I have a weird relationship with what you might call “prestige” imperial stouts.
As a staff writer at Paste who has been covering the beer scene for years, these types of highly sought-after beers occasionally find their way to me, whether specifically solicited or not. It’s a perk that pretty much any professional beer writer likely enjoys—we all find ourselves receiving things in the mail that most die-hard customers would be camped in a line waiting to purchase. And with some writers, I believe this particular perk has a tendency to remove them from the memory/reality of how inaccessible many of these beers really are to the average drinker … and how ultimately irrelevant many of them are as a result.
It’s as simple as this: If it’s rare enough, and thereby expensive enough to preclude almost anyone from obtaining it, can it really be said to exist at all? If no one outside of the traders spending hundreds or even thousands of dollars on a bottle are obtaining and drinking these beers, then why should the average customer—the people keeping the brewery in business all year round through six-packs of their flagships or year-rounders—even care that it exists?
This is why, if access to a barrel-aged prestige stout (and they’re almost always prestige stouts) is prohibitively limiting, my interest in that product tends to immediately dry up. Waxing poetic about a bottle of beer that 99.99% of the readership will never even physically touch doesn’t seem to serve any purpose. Better to write about things that people actually have a chance of encountering in the wild.
This is how I typically feel when it comes to prestige stouts from companies like Iowa’s Toppling Goliath. They’re acknowledged as masters of the barrel-aged stout world (few would dispute this), and the demand for yearly releases like Assassin and Kentucky Brunch Brand Stout has pushed the fervor of traders into a realm that makes the prestige stouts of yore—things like Three Floyds Dark Lord or Founders CBS—look like a passing fancy in comparison. Look online at the resale markets to see just how crazy the numbers get—a beer like Assassin fetches more than $200 on the low end, with prices that can easily hit $1,000 for special variants or bundles. It’s a comical level of affluence that puts these beers outside the realm of what almost anyone would dare pay, even if they can afford it.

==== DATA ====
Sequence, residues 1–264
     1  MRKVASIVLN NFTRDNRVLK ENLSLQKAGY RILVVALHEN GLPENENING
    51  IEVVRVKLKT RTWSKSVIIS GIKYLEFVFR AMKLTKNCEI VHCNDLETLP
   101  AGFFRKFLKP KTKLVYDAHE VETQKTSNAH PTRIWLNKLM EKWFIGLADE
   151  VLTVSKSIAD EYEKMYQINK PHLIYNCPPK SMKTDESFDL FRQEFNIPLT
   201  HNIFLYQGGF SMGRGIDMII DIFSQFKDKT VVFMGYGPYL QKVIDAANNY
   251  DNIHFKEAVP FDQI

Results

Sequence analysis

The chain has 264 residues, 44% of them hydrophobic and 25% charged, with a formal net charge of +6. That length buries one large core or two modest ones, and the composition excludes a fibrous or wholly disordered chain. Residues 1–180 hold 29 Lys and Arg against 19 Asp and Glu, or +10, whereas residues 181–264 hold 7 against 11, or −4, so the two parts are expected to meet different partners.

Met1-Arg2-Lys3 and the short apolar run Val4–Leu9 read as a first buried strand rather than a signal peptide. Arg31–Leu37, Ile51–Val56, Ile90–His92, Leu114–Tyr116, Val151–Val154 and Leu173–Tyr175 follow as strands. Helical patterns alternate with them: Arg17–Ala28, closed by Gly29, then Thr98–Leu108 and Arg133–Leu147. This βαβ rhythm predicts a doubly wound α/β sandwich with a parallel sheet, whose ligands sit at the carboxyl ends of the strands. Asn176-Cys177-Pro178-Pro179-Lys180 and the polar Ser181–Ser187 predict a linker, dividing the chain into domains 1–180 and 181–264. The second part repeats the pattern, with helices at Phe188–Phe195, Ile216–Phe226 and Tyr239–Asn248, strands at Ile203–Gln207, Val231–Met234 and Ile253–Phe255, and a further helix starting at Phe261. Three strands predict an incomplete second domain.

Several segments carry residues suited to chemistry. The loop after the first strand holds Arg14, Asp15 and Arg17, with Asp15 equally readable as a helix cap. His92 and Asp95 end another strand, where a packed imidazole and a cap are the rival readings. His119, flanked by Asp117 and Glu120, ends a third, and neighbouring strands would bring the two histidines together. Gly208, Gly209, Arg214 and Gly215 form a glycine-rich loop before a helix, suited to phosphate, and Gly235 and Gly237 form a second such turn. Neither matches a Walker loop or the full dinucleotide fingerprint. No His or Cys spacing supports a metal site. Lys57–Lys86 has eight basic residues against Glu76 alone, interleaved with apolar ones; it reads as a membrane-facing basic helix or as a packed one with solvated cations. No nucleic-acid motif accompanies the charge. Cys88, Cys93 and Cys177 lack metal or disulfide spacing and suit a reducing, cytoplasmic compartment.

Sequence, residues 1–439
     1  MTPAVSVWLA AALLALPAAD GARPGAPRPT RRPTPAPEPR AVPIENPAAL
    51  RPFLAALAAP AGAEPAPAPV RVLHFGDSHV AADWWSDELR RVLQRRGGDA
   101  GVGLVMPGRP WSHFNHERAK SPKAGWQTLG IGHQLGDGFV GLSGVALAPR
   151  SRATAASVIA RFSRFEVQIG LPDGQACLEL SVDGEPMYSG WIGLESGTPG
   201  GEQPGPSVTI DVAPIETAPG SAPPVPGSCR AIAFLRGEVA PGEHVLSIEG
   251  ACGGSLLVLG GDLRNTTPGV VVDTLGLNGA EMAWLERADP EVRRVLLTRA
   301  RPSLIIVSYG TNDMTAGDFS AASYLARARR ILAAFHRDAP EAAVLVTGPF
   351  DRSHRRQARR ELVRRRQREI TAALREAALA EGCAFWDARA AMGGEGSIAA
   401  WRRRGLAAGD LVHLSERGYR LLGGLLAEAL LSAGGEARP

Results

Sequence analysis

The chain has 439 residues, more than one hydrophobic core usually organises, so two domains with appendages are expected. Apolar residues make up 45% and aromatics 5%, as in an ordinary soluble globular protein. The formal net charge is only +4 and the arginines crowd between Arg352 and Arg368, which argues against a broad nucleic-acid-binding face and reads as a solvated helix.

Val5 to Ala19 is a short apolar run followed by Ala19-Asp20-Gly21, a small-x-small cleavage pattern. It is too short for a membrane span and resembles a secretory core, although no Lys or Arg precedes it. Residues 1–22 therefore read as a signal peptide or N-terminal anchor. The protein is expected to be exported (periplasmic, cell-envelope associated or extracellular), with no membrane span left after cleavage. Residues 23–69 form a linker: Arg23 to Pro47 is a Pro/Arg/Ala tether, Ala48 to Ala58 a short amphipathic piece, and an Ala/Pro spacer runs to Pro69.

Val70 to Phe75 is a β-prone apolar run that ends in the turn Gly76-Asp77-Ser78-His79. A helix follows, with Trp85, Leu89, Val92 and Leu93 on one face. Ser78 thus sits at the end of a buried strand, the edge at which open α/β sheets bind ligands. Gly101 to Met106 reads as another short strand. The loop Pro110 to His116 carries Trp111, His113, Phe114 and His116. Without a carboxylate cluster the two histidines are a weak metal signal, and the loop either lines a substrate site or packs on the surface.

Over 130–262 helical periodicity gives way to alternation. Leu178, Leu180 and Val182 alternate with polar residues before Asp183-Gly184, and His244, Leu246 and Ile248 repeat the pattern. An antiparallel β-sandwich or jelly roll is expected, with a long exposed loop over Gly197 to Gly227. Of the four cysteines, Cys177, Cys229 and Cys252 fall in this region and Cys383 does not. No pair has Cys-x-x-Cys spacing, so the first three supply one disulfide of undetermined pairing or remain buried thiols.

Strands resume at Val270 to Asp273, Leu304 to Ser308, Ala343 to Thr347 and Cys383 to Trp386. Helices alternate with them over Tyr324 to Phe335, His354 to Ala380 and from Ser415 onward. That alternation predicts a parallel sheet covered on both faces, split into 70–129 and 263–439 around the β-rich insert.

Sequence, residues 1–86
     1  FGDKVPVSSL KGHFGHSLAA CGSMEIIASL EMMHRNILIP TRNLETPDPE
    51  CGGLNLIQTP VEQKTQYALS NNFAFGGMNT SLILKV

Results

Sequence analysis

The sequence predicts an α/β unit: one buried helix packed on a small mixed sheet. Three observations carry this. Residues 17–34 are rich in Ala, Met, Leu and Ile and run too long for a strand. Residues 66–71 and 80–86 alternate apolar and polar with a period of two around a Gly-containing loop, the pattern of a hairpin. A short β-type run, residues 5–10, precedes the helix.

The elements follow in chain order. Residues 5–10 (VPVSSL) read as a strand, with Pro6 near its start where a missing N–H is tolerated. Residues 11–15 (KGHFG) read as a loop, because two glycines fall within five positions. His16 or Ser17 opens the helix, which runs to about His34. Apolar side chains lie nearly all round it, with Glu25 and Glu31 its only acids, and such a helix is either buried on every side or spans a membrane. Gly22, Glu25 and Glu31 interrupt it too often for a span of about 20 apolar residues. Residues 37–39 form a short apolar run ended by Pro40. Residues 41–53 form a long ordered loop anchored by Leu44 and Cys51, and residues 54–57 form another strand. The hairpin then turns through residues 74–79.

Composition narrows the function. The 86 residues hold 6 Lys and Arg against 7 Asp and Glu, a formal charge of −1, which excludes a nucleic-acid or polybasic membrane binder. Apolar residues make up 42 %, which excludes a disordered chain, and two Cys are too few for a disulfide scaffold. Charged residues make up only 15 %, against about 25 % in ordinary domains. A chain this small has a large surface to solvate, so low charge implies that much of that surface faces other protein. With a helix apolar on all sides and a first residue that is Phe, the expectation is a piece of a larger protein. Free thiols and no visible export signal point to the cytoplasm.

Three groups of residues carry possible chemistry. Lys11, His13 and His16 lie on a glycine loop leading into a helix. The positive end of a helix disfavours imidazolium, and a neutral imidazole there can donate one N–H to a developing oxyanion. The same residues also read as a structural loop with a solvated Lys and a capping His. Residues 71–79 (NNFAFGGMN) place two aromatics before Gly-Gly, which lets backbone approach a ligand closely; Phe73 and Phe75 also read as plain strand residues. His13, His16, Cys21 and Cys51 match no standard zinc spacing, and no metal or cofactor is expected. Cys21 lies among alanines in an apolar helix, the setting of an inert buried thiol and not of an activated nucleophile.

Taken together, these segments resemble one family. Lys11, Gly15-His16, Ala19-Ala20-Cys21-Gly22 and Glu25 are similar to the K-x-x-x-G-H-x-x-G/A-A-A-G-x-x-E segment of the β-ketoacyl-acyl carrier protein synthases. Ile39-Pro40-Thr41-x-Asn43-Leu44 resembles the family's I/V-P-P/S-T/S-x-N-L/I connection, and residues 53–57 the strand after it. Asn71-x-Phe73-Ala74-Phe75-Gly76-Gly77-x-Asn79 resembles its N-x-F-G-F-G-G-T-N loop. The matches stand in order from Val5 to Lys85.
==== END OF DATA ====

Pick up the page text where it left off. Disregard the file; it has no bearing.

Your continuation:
Unfortunately, the most relevant side effect of those resale prices is that it would seem to normalize the idea of outlandish pricing to such a degree that even the host brewery gets in on the action in its initial pricing. You can decide for yourself whether Toppling Goliath charging $50 per bottle of Assassin, as they have for the last few years, is “fair” in terms of pricing, but it’s undeniably part of what pushes the resale market into such absurd territory and ultimately makes these beers inaccessible to all but the obsessive traders. Nor is that kind of pricing limited to just the likes of Assassin, as a simple trip to the current Toppling Goliath e-store will show you. Want a growler fill of Mornin’ Delight? Sure, that’s $60. Is that too good a deal for you? Well, we’ve also got an $80 growler of Term Oil 19-C, if that’s rich enough for your blood. Existing alongside $17 growler fills of IPA, it can’t help but look a little absurd.